At a recent Scoping Meeting on the Water Pipeline Project, there was an overview of the pipeline project. The project consists of a water pipeline 20”-24” in diameter that will connect to an AVEK facility in California City and transfer approximately 50 miles to the Indian Wells Valley Water District (IWVWD). The project includes three booster pump stations that will assist the water’s flow over the El Paso Mountains, a regulatory station, and an additional storage blending tank.

Mallory Boyd, President of the IWVWD Board of Directors, said, “We have not been provided with sufficient information from the GA to allow it to formulate the District’s position on the project as currently conceived.

“The District has a number of questions and concerns, specifically what will be passed on to the customers.”

Josh Nugent, Representative for Mojave Pistachios, told the facilitator for the meeting, “The proposed pipeline project is environmentally and financially unacceptable.

“The project will cost over 200 million dollars for the construction alone. Ridgecrest will probably have the designation as the least environmentally-friendly water in the State of California if the project goes through.”

Nugent added, “The Water District was told by the GA that they would be forced to pay and forced to connect.”


Kelly Garman, Consultant for Mojave Pistachios, said to the News Review, “I would like to draw your attention to a pressing matter concerning the actions of the IWVGA that demands public scrutiny. As you are aware, the Authority has proposed the development of the Imported Water Conveyance System Project (IWCSP). The IWVWD has written a most compelling letter to the Authority outlining several areas where the Authority has yet to demonstrate they have a full understanding of the costs associated with the project.”

In the letter from the IWVWD to the GA, the first paragraph states, “We understand that the purpose of the IWCSP is to augment the supply of water within the Indian Wells Valley by importing water from the State Water Project (SWP) via the AVEK Water Agency into the Indian Wells Valley District’s domestic water system; thus providing in-lieu groundwater replenishment by reducing the District’s groundwater extraction. As such, we believe that our participation in this Project is necessary for the Project’s success, especially with the direct connection to the District’s facilities currently being proposed. However, to date, the Board of Directors and other stakeholders have not been provided sufficient information from the Authority to allow it to formulate the District’s position on the Project as currently conceived.”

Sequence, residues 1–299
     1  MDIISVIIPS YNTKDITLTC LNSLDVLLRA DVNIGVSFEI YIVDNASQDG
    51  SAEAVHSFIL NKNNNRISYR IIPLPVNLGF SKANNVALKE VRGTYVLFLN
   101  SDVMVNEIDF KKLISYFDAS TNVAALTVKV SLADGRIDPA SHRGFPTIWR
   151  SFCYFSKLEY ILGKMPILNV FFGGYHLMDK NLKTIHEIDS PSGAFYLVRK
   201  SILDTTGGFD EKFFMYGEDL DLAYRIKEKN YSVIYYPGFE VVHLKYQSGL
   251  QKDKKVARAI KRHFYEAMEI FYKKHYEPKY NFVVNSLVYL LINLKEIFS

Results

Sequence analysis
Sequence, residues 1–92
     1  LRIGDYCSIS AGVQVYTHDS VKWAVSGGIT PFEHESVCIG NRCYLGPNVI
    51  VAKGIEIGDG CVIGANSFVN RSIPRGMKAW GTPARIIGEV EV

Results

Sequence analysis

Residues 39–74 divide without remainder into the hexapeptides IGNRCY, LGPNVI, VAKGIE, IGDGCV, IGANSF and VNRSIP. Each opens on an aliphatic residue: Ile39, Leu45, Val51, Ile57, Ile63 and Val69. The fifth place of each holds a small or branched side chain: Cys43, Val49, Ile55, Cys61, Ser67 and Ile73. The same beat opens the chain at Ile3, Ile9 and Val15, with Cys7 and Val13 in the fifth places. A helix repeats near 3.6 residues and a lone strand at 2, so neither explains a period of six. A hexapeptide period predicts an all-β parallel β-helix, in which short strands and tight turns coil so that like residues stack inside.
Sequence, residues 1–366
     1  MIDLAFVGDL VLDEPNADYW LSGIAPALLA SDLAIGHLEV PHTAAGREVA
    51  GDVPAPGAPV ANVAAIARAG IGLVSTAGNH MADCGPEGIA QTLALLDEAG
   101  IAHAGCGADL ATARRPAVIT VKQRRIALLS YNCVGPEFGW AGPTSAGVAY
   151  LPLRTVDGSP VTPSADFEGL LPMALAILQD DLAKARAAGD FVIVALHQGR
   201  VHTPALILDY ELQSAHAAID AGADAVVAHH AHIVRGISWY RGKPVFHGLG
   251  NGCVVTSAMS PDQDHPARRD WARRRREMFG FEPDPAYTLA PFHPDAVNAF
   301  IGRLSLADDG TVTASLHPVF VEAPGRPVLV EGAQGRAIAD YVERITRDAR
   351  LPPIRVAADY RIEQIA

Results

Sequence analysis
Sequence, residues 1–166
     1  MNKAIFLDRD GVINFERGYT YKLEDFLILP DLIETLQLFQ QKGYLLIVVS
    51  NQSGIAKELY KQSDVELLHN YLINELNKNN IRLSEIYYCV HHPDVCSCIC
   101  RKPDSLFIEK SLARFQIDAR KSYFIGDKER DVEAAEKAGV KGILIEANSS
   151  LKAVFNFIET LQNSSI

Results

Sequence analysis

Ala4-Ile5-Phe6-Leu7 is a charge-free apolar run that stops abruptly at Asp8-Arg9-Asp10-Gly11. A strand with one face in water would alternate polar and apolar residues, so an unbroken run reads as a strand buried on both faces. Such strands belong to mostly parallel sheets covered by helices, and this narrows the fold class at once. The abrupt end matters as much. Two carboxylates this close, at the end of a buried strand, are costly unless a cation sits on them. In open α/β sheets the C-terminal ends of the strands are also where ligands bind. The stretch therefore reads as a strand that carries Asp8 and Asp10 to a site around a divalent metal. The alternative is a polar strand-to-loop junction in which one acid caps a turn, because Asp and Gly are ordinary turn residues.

Regarding capital costs: According to the current letter of intent that is in place per Dudley Ridge Water District’s website, the Authority is to purchase 750-acre feet per year (AFY) of SWP Table A water allocation from Dudley Ridge at a cost of $8,528 per acre-foot (AF) for a total cost of $6,396,000.

The SWP is a variable water source that rarely provides 100% of the water allocations. The estimated long-term water allocation is approximately 42%, reducing the amount of the anticipated resulting “Letter of Intent” water allocation to 315 AFY. At this reduced rate, the Authority’s future delivery target of 6,431 AFY would require SWP Table A allocation of 15,312 AFY. Assuming these additional water allowances would be acquired at a cost similar to the Dudley Ridge “letter of intent” rate of $8,528 per AF, this would be a total cost of approximately $131 million.

The letter from the Water District to the GA is available on the IWVGA and IWVWD websites.